How do ‘God bless us every one!’ and ‘The game is afoot’ go together? Better than expected! In Mark Shanahan’s A Sherlock Carol, two of English literature’s greatest characters come together for an evening of comedic yet heartfelt redemption while solving a spooky murder mystery.

Credit: Danny Kaan

Professor Moriarty is dead, to begin with. It has been three years after Holmes’ arch nemesis has plunged to his death during the dramatic show-down at the Reichenbach Falls, leaving the world’s foremost consulting detective to his own devices. Sherlock is haunted by the spirit of the past, having lost all his interest in the current crimes and affairs London has to offer. He even parts ways with his one and only friend, Dr. Watson.

Solitary as an oyster, he eats a lonely meal in a lonely pub on Christmas Eve, having turned down one of his Baker Street Irregular’s request to solve the case of her father who was wrongly accused to have stolen something. When yet another doctor approaches him with a murder, little does he know he just met Tiny Tim! The victim of the crime – you guessed it – is Timothy Cratchit’s long-time beneficiary Ebeneezer Scrooge. The stories begin to intertwine. Sherlock, still refusing to take the case, can only be convinced when he learns about a certain blue stone that was intended to be gifted to Scrooge by a certain countess/widow to the King of Bohemia (Sherlockians might already know what and who we are talking about). The stone was stolen, and the intended recipient was murdered after receiving a threat to his life just a couple of days earlier. And the game? Was afoot!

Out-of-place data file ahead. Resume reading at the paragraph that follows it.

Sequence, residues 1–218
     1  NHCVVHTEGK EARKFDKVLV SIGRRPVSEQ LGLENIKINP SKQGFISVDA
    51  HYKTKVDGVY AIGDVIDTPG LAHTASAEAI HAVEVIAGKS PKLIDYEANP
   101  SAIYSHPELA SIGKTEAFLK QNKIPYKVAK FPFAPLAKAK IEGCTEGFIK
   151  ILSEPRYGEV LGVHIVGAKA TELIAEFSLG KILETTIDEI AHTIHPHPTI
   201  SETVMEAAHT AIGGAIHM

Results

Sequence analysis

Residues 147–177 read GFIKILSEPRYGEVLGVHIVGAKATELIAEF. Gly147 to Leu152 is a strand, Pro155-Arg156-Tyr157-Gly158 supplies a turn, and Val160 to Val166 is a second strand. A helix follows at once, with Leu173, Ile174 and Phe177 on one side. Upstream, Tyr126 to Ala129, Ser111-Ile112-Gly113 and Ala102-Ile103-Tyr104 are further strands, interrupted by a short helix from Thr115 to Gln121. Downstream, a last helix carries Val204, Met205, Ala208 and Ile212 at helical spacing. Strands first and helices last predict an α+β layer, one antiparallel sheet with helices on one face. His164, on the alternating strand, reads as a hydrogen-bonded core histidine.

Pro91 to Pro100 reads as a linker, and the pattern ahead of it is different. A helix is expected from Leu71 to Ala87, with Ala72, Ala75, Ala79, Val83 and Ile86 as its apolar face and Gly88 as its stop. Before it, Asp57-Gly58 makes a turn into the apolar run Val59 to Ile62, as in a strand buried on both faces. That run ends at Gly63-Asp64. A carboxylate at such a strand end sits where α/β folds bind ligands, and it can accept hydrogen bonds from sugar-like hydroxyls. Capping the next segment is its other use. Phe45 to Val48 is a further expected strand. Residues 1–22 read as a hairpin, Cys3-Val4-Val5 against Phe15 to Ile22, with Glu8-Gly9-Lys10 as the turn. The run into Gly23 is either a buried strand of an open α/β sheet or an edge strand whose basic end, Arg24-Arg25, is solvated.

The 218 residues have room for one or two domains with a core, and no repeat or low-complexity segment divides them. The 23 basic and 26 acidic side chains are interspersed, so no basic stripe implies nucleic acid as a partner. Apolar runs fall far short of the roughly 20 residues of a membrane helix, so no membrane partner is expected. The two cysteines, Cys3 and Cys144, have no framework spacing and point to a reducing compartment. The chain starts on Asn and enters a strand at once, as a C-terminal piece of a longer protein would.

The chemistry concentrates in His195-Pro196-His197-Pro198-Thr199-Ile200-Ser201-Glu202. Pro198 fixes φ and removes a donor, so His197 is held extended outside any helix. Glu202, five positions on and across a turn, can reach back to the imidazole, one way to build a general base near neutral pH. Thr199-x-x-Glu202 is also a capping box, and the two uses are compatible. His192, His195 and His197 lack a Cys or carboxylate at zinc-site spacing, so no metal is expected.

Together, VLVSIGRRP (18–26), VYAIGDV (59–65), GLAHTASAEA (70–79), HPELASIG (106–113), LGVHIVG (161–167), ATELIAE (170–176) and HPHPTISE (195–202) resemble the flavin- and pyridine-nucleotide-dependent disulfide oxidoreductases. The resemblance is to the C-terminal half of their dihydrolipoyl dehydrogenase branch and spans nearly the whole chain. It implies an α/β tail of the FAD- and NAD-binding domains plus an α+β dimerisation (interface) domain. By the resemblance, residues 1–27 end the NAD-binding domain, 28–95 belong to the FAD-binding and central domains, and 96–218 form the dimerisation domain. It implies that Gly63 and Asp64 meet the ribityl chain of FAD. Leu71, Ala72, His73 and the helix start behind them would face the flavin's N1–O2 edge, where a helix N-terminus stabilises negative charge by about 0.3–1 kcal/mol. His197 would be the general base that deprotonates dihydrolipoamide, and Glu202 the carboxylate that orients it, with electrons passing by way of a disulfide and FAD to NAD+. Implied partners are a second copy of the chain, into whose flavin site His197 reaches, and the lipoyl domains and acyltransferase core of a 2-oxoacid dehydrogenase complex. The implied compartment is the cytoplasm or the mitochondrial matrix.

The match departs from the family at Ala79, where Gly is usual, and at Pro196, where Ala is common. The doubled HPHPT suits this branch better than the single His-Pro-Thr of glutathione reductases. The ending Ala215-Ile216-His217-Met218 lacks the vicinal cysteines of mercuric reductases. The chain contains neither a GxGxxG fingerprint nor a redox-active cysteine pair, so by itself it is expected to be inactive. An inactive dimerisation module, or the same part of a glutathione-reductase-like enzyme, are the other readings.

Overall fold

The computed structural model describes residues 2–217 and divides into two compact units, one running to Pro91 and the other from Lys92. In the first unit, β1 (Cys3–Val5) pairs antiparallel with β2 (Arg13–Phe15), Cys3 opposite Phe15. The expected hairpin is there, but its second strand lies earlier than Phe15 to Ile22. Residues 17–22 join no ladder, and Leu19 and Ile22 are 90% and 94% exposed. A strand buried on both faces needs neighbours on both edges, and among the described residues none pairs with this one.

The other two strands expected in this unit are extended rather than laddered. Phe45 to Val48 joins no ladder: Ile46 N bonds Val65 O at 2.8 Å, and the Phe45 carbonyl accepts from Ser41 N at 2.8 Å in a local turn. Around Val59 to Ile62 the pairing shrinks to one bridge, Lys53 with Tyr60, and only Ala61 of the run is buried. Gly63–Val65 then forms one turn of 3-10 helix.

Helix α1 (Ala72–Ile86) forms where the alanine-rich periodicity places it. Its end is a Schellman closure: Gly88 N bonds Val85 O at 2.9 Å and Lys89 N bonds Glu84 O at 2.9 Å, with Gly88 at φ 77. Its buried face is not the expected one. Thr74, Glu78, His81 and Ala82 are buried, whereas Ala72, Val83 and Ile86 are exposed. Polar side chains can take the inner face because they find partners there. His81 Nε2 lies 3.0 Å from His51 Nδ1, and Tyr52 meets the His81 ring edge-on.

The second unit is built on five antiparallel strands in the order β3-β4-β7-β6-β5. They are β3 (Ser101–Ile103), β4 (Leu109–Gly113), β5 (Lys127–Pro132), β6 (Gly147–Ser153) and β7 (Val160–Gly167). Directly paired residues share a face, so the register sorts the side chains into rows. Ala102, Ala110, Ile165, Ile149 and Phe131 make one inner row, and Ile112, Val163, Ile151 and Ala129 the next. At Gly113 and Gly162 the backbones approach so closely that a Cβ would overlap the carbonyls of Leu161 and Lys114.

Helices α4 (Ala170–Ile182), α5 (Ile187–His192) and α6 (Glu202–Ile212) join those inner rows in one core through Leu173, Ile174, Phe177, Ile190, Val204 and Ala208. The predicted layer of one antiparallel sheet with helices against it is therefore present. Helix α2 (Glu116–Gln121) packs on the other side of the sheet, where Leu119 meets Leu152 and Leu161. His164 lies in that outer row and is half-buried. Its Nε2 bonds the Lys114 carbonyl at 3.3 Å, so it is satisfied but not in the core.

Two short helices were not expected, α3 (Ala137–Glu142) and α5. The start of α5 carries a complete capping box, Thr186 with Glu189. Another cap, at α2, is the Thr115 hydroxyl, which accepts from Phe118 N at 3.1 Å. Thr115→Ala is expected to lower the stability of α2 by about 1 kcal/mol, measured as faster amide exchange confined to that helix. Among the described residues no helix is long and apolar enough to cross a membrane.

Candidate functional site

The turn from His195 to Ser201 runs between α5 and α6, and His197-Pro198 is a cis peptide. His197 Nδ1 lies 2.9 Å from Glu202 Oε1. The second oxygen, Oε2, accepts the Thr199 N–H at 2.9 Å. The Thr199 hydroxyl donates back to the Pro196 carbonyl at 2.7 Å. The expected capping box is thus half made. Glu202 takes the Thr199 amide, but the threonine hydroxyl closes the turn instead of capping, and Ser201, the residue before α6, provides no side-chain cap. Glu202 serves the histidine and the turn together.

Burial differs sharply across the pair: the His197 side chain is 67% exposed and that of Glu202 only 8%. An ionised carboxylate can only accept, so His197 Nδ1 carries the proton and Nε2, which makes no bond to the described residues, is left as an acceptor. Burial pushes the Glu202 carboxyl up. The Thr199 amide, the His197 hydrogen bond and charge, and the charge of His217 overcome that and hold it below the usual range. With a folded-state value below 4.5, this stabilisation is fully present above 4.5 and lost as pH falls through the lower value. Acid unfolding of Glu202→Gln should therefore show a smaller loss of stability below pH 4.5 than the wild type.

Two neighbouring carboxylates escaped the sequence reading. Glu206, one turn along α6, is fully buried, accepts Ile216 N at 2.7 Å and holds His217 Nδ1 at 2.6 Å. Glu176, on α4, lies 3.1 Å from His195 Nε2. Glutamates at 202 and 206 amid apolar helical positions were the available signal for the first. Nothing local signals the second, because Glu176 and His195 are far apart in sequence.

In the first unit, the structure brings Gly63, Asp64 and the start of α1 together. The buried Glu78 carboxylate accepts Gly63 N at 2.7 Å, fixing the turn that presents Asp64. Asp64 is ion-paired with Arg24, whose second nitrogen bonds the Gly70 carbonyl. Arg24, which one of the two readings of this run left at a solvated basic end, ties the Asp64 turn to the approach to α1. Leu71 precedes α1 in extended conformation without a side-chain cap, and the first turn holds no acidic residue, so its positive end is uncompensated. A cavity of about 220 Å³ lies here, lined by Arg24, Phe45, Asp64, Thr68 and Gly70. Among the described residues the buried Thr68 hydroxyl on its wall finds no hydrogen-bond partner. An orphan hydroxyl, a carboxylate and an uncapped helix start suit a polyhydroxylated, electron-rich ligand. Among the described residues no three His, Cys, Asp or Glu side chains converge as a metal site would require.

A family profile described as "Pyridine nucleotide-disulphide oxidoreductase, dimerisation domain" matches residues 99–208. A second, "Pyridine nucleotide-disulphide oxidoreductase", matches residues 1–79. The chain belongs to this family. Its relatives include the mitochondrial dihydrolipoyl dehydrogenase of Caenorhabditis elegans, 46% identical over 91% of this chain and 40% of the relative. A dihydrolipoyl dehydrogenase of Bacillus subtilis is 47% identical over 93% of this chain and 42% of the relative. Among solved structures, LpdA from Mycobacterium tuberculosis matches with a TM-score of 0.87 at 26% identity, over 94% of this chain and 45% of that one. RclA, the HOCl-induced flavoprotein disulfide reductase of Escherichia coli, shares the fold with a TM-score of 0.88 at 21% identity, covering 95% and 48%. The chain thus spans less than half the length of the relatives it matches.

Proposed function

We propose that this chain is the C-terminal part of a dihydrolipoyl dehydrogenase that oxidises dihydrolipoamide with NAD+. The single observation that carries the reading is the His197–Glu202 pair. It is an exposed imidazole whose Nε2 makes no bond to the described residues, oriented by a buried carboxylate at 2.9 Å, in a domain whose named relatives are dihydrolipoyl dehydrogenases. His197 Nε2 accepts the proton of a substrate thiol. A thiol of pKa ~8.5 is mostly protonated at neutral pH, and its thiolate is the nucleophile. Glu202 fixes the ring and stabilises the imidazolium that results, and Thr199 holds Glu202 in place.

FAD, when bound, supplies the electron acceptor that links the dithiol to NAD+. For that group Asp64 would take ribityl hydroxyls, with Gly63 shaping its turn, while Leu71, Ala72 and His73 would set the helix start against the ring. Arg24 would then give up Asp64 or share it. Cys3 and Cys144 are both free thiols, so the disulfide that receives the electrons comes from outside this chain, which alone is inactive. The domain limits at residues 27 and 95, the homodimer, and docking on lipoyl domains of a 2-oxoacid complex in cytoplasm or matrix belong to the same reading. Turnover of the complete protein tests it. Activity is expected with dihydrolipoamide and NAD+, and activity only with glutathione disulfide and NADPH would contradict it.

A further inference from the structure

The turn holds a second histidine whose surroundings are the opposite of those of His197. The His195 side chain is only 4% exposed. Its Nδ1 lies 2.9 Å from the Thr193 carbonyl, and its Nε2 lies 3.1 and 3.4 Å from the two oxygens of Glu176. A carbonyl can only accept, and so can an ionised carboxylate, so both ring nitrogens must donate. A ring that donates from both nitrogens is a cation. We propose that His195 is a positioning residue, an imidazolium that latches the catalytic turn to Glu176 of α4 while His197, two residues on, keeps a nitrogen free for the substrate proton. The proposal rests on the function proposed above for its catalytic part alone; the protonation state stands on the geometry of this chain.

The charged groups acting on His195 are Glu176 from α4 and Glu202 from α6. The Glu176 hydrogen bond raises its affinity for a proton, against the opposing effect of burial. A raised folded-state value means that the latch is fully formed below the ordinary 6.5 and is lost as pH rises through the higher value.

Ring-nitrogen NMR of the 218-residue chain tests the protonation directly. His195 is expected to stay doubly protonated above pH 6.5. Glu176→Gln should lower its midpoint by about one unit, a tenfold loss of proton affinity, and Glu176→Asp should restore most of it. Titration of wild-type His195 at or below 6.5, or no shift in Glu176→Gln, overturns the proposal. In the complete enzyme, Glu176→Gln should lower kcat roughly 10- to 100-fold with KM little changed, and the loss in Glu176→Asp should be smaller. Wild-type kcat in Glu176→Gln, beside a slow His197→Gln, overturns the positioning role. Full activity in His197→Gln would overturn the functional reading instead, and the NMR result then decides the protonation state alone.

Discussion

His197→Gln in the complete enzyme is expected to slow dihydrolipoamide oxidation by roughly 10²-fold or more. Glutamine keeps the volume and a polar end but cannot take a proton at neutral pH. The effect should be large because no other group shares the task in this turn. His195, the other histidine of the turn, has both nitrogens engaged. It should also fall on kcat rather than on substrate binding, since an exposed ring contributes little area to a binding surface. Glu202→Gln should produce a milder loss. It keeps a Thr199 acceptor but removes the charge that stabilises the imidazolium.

Credit: Danny Kaan

Shanahan has found a fun and clever way to mix Doyle’s only Holmes Christmas adventure with Dickens’ ultimate Christmas story. The lines between both classics blur perfectly and create a new and wonderful way of telling the well-known story of A Christmas Carol – ghost appearances included. Shanahan, not only the writer but also the director, steers a cast of only six people who – except for Ben Caplan as Holmes and Kammy Darweish as Scrooge – play multiple parts throughout the night. They all do a fantastic job of switching from one character to the other, sometimes only in seconds. A special shout-out goes to Richard James, who I utmost enjoyed watching. He goes from Dr. Watson to a carol singer to ultimately a distressed housekeeper with ease. I had a blast! Caplan’s Holmes is very fidgety and un-Holmesy to begin with, but I felt that is a great display of the state the detective is in. He transforms more and more into the Holmes we know, although the Christmas Spirits seem to have given him a wider range of emotions and humanity than I expected. Darweish has great comedic timing and was utterly enjoying himself on stage. It is always fun to see how actors are so at ease with their characters.  The entire cast supports the story so well, it becomes a very cohesive piece. The simple set designed by Anna Louizos and the Victorian costumes by Linda Cho does the rest.

Credit: Danny Kaan

A Sherlock Carol is a wonderful festive play to get the entire family into the Christmas spirit. You can catch it at the Marylebone Theatre until the 7th of January 2023, very conveniently just around the corner of 221b Baker Street, the very home of Sherlock Holmes!             

Rating: 4 out of 5.

{🎟 AD – PR invite – Tickets were gifted in exchange for an honest review}

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